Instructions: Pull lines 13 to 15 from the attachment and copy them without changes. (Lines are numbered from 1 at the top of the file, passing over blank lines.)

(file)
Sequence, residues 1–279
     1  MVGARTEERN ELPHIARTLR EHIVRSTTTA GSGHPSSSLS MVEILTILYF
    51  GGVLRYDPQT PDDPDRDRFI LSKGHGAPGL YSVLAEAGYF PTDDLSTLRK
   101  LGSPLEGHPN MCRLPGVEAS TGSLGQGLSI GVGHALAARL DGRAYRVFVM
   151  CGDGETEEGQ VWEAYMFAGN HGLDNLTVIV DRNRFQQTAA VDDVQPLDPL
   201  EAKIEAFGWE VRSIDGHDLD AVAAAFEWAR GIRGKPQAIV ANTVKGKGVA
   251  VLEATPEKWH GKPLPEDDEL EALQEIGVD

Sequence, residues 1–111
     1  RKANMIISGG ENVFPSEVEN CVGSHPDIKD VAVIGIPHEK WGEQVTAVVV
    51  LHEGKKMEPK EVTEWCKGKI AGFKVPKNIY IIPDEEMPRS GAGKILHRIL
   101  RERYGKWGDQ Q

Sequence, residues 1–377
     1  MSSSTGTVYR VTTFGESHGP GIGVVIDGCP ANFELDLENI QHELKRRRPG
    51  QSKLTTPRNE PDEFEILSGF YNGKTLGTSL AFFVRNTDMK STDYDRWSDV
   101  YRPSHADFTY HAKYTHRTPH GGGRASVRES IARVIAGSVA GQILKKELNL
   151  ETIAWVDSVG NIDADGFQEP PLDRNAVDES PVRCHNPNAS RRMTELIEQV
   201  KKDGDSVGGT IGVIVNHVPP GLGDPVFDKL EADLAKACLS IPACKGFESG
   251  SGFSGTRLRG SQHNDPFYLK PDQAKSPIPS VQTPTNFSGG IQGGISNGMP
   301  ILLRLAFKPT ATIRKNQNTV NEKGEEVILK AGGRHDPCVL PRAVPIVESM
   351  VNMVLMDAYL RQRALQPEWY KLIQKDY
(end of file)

     1  MSSSTGTVYR VTTFGESHGP GIGVVIDGCP ANFELDLENI QHELKRRRPG
    51  QSKLTTPRNE PDEFEILSGF YNGKTLGTSL AFFVRNTDMK STDYDRWSDV
   101  YRPSHADFTY HAKYTHRTPH GGGRASVRES IARVIAGSVA GQILKKELNL